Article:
One possible recourse in these circumstances is to borrow against your home equity. But what if you discover that your equity is $8,500 more than you thought it was – all because of a furnace rental?

That’s what happened to one homeowner who tried to get a second mortgage after signing a lease with a major furnace company.

Many homeowners don’t realize how renting a furnace can impact their home equity. Rental contracts often register a lien or another form of interest (like a notice or lease of chattel) against the homeowner’s property to protect the company’s interest. It’s a big price to pay for short-term cost certainty.

Why Are Furnace Rentals So Common in Ontario?

In this post, we’ve discussed many of the ways we feel that homeowners end up on the losing end of a furnace rental contract. We also mentioned two of the main reasons why people sign onto these contracts: affordability and peace of mind.

However, there is one other reason why leasing furnaces and other home comfort equipment has become commonplace. Many newly-built homes are sold with these leases from day one.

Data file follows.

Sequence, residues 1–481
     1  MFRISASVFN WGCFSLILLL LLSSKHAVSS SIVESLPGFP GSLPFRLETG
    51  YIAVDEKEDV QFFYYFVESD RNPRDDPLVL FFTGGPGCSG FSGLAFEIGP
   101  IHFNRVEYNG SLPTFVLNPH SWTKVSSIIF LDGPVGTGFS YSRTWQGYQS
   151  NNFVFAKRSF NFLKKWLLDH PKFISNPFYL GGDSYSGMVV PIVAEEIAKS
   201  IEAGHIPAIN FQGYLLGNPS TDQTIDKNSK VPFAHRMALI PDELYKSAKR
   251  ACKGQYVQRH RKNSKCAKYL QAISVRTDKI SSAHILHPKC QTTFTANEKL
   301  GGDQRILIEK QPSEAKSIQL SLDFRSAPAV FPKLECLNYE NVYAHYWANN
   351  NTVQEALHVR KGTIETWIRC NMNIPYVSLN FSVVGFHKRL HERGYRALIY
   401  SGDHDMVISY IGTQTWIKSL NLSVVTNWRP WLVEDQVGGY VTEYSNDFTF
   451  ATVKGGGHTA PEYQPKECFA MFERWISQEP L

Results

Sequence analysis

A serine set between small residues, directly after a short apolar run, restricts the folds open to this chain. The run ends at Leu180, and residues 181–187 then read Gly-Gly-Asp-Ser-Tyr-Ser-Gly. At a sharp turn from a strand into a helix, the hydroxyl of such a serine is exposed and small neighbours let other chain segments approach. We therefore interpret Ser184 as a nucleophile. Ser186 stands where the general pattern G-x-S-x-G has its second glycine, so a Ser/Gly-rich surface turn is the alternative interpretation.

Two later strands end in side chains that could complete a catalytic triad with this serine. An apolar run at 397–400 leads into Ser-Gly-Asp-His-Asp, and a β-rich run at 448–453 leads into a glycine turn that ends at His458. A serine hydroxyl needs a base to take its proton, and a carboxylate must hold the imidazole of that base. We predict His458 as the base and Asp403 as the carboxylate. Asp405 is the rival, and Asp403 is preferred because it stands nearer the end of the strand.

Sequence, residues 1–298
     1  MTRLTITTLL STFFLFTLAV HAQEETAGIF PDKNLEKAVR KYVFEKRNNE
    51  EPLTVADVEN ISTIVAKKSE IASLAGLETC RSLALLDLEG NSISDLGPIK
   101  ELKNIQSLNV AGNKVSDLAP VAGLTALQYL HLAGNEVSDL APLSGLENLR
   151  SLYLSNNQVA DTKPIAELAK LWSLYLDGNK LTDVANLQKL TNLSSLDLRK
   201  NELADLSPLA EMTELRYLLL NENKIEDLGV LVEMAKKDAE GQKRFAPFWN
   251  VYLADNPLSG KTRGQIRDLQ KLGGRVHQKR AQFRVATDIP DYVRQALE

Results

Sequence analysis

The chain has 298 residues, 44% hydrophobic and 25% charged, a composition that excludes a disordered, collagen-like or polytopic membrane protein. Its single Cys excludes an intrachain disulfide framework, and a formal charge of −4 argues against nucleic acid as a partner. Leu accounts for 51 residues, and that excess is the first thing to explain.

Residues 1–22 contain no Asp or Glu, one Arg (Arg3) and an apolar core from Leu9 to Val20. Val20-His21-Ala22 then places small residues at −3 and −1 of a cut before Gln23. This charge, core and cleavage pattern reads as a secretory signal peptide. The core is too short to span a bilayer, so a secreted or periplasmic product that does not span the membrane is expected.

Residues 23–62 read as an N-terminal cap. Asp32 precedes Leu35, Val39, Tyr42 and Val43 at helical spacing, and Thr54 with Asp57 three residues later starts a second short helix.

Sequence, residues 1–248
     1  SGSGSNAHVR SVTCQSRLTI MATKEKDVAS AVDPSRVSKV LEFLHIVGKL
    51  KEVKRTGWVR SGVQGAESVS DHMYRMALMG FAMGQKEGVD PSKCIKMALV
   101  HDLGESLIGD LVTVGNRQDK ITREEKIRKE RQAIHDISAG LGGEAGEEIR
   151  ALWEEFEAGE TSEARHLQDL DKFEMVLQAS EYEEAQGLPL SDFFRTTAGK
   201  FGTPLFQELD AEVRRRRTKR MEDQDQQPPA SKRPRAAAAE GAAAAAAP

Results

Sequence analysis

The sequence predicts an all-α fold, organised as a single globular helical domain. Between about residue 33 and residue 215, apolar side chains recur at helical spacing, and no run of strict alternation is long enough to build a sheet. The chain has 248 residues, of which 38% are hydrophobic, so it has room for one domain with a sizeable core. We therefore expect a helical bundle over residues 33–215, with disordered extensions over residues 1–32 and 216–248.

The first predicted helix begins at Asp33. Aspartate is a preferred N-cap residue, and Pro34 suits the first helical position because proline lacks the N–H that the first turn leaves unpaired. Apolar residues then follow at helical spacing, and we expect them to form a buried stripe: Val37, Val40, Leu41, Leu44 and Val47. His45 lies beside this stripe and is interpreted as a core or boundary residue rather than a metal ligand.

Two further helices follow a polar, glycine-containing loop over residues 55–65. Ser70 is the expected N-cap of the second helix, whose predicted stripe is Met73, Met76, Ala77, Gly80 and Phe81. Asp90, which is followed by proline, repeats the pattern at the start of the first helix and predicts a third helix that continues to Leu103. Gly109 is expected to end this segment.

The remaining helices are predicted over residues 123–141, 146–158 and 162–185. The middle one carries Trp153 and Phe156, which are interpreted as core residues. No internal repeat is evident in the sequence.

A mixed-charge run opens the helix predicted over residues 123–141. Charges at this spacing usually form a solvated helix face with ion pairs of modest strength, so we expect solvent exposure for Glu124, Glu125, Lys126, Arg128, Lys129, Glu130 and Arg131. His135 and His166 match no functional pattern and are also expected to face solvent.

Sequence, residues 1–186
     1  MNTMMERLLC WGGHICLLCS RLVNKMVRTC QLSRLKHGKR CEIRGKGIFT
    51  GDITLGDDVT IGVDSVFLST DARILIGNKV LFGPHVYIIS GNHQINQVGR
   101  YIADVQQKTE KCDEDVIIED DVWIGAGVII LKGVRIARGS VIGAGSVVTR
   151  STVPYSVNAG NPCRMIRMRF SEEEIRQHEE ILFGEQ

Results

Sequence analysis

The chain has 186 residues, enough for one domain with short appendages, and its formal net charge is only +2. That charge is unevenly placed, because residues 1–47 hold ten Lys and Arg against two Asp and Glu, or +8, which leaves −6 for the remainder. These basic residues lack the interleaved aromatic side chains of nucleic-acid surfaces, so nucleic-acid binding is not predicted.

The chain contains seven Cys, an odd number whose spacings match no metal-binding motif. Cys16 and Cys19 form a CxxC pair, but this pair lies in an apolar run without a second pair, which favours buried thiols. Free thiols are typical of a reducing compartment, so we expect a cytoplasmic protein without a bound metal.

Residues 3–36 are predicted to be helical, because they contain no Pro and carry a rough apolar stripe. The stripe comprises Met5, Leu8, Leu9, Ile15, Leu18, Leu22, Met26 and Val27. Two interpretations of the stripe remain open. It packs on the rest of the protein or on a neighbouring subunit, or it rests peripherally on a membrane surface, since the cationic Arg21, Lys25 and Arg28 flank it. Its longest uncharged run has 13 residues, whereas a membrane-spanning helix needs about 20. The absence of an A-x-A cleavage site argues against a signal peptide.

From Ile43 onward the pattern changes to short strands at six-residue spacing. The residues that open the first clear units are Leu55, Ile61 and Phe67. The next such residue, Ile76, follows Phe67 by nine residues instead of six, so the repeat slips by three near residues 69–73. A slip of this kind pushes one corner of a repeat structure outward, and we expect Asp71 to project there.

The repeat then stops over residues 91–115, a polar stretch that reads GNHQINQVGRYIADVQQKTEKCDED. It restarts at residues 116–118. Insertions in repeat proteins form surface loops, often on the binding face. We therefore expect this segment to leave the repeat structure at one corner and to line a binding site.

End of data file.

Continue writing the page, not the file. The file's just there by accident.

So, if renting a furnace comes with so many pitfalls, why do so many new home builds come with a lease?

The answer is simple: it allows home builders to reduce the costs of building a home without having to reduce the asking price. Buyers don’t feel like they’re being sold a house without a furnace, and builders don’t have to invest in installing one outright.

These kinds of details are often overlooked in the fever of a housing market boom. Unfortunately, they can also trap buyers in an unfavourable position when it comes to their home’s most important equipment.

Alternatives to Renting a Furnace in Ontario

At AtlasCare, we believe it’s always important to own your own home comfort assets. It adds equity to your home, saves money in the long run, and allows the freedom to choose who services your equipment.

Still, we acknowledge that a furnace is a major purchase, and not everyone can afford to purchase new equipment outright.

That’s why we offer a number of finance options for furnace installation. Unlike rental contracts, financing agreements don’t lock homeowners in to an excessive 12 to 15-year term with an expensive buyout.

We also endorse the SNAP Home Finance program, which provides a line of credit to finance heating, cooling and ventilation equipment upgrades. AtlasCare has worked with SNAP customers for years and found it to be an efficient, consumer-friendly program.

If you’re not sure which route is right for your family, we’re always happy to sit down and help you explore the options. Call us at 289-724-7987 or contact us any time online.